The Wanderer (Old English poem)

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The Wanderer
First page of The Wanderer from the Exeter Book
LanguageOld English
DateImpossible to determine[1]
ProvenanceExeter Book
Verse formAlliterative verse
Lengthc. 115 lines
PersonagesThe narrator of the "wise man"'s speech, and the "wise man", presumably the "Wanderer" himself.
TextThe Wanderer at Wikisource

The Wanderer is an Old English poem preserved only in an anthology known as the Exeter Book, a manuscript dating from the late 10th century. It comprises 115 lines of alliterative verse. As is often the case with Anglo-Saxon verse, the composer and compiler are anonymous, and within the manuscript the poem is untitled.


The date of the poem is impossible to determine, but scholarly consensus considers it to be older than the Exeter Book itself, which dates from the late 10th century.[2] The inclusion of a number of Norse-influenced words, such as the compound hrimceald (ice-cold, from the Old Norse word hrimkaldr), and some unusual spelling forms, has encouraged others to date the poem to the late 9th or early 10th century.[3]

As is typical of Old English verse, the metre of the poem is alliterative and consists of four-stress lines, divided between the second and third stresses by a caesura. Each caesura is indicated in the manuscript by a subtle increase in character spacing and with full stops, but modern print editions render them in a more obvious fashion. It is considered an example of an Anglo-Saxon elegy.[4]


The Wanderer conveys the meditations of a solitary exile on his past happiness as a member of his lord's band of retainers, his present hardships and the values of forbearance and faith in the heavenly Lord. The warrior is identified as eardstapa (line 6a), usually translated as "wanderer" (from eard meaning "earth" or "land", and steppan, meaning "to step"[5]), who roams the cold seas and walks "paths of exile" (wræclastas). He remembers the days when, as a young man, he served his lord, feasted together with comrades, and received precious gifts from the lord. Yet fate (wyrd) turned against him when he lost his lord, kinsmen and comrades in battle—they were defending their homeland against an attack—and he was driven into exile. Some readings of the poem see the wanderer as progressing through three phases; first as the ānhaga (solitary man) who dwells on the deaths of other warriors and the funeral of his lord, then as the mōdcearig man (man sorrowful of heart)[6] who meditates on past hardships and on the fact that mass killings have been innumerable in history, and finally as the snottor on mōde (man wise in mind) who has come to understand that life is full of hardships, impermanence, and suffering, and that stability only resides with God. Other readings accept the general statement that the exile does come to understand human history, his own included, in philosophical terms, but would point out that the poem has elements in common with "The Battle of Maldon", a poem about a battle in which an Anglo-Saxon troop was defeated by Viking invaders.[7]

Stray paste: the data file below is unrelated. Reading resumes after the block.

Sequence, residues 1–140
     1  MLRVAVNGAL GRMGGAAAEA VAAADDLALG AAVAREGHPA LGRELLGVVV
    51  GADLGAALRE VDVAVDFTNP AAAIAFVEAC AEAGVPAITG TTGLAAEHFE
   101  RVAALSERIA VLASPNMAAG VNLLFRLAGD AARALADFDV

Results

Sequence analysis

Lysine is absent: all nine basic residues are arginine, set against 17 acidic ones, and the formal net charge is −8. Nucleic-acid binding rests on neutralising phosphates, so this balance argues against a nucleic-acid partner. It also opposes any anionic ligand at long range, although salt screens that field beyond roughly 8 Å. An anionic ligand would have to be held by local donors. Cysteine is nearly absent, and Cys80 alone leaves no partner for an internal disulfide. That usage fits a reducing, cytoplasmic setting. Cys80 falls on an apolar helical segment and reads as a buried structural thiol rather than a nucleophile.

However, the speaker reflects upon life while spending years in exile, and to some extent has gone beyond his personal sorrow. In this respect, the poem displays some of the characteristics of Old English wisdom poetry. The degeneration of “earthly glory” is presented as inevitable in the poem, contrasting with the theme of salvation through faith in God.

The wanderer vividly describes his loneliness and yearning for the bright days past, and concludes with an admonition to put faith in God, "in whom all stability dwells".


Critical history[edit]

The development of critical approaches to The Wanderer corresponds closely to changing historical trends in European and Anglo-American philology, literary theory, and historiography as a whole.[8]